It did not take long to realize the error I had committed in so callously overlooking the library. The serene atmosphere had been wasted on me, until I got over myself and decided that rather than purchasing more books that would only take up space once I had read them, my love for reading could still be satisfied, for free and without collecting more dust.
I can browse the library almost as if I were in a book store – a real book store that is, without endless giftware items to distract from the books. Just spending time there, before I have even chosen a book, leaves me feeling calm. Everyone there is browsing, working on the computer, or reading quietly, civilly sharing a common space without ever actually interacting with one another.
I had to get used to the library at first, leaving empty-handed after my first few visits. I had been hoping to find a soft-cover book, as hard-covers are so heavy. I finally accepted the fact that I would just have to start reading hard-cover, plastic-wrapped books as those are the most commonly offered in the library. After all, since I am not actually going to work, I don’t always have to necessarily take my book with me on the subway so the extra weight is only a slight inconvenience.
I have also come to appreciate the protective plastic cover that is found on many library books. When my hands are sweaty, which they often are, the plastic is actually a welcome benefit, ensuring that I will not unnecessarily damage the book. I even find the crackling sound it makes when I open the book comforting and I feel a sense of camaraderie when I spot other people reading in a public place and immediately recognize if they are reading a library book.
It is interesting to see the things that people who borrowed the book before I did leave behind. I have found bus transfers, personal notes and grocery lists inside books. I wonder if the person who left it there remembered after they had returned the book, and whether or not he or she thought about going back to the library in the hopes of finding the book there with whatever piece of paper was left behind still intact.
Everything went along nicely for a while once I had gotten the hang of things at the library and was on to my third or fourth book until, to my shock, I saw a small hair in between two pages. I blew it away carefully without letting it touch me, convincing myself that the worst thing it could be was an eyelash, albeit someone else’s eyelash.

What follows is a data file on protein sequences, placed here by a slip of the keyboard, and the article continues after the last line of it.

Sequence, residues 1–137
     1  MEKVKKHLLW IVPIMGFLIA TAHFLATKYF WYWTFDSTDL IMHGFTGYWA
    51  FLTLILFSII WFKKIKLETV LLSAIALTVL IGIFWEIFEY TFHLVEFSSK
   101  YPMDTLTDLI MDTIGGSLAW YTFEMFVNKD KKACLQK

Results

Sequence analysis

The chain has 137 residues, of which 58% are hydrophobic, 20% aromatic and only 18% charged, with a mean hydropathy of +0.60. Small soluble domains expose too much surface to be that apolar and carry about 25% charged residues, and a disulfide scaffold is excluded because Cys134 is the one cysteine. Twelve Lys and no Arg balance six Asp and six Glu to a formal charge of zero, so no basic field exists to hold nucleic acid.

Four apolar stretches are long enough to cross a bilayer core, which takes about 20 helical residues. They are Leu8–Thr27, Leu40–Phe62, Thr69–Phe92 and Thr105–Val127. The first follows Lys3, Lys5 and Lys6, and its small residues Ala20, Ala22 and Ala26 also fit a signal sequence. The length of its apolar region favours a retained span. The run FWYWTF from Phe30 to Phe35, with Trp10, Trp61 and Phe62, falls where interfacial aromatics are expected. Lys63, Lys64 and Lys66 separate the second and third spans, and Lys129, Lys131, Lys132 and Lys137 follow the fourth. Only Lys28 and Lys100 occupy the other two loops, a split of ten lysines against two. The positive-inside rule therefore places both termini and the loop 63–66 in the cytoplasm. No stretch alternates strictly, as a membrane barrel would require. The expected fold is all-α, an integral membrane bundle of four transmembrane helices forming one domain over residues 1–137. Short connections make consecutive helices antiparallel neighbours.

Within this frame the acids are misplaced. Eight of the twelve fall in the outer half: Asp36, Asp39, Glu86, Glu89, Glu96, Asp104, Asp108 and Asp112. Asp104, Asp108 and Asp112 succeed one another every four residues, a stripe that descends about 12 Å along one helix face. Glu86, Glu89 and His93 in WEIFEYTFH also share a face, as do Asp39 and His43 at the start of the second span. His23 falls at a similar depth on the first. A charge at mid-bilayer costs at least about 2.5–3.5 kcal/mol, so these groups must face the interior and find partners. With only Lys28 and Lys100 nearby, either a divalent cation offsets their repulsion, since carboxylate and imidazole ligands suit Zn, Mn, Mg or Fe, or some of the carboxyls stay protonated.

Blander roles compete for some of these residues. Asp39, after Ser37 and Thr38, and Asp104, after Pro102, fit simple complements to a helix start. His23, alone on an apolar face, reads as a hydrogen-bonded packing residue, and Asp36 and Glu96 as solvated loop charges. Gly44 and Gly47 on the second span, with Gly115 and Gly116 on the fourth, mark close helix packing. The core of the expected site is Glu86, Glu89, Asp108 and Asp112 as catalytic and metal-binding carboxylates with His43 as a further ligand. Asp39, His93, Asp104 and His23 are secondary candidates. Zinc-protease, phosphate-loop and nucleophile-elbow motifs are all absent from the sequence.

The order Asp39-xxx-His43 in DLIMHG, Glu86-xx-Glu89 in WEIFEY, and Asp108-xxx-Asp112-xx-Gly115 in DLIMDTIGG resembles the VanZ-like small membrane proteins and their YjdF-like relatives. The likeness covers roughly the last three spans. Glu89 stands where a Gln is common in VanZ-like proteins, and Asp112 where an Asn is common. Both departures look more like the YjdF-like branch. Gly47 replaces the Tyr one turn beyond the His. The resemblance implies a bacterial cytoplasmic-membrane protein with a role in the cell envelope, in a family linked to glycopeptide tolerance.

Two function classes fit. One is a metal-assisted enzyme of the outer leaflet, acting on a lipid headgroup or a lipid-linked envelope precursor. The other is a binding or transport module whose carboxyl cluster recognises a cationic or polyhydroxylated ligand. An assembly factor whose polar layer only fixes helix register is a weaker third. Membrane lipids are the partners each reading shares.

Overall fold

The smile faded from my lips as I realized, dismayed, that to make matters worse, the book I had been enjoying was marred with what looked like pieces of food. I was not about to attempt to get rid of it; after all, someone else may have licked their fingers before touching that food and smearing it on the book, leaving not only the food residue, but germs in their wake as well.
I must admit that there have been occasions when I have felt put off when I have come across stains on the pages, indicating spilled coffee or some other food-related accident. Sometimes, if a book looks pristine from the outside, and if it is a fairly new release, I don’t always think to check before I sign it out, only to be reminded of my mistake once I leave the library.
A thought occurred to me. What if, when I return the book to the library, they think it is I who has defaced it? I wondered if I should point it out, or if that would be against library etiquette. Would the library staff appreciate being made aware of it?
When I realized one day that the bottle of water that had been in my bag, which also contained my library book, had leaked and had left a ring of moisture on the edges of several of the pages of my current library book, at first I was horrified. However, after my initial upset, I was kind of happy about it. It may not be much, and very difficult to detect, but now, I too had made my mark on this book. And no, I was not about to bring it to the librarians’ attention.
I may now be slightly cautious before reading a library book in bed, and will have to be especially careful not to let any offending residue fall out and make its way onto my furniture or my person for that matter; nevertheless, becoming a regular patron of the library has taught me that while every book tells a story, a library book, passed on from one reader to the next, might just tell another story all its own.♦
Copyright © Andrea Freedman
I never thought I would say this but I have learned that there are actually times when a writer needs to take a step back and consider walking away from an editor, thus forfeiting a chance for an offer to be published in the newspaper or magazine for which that editor works.
It is so difficult to get an editor to notice you in the first place and even harder to get published, regardless of whether or not any of your material has been in print in the past. Until recently, the mere thought of not doing everything possible requested in order to make one of my articles publishable was almost unheard of. That was until an editor enticed me with the possibility of success by almost convincing me to change the entire premise of what I had originally written.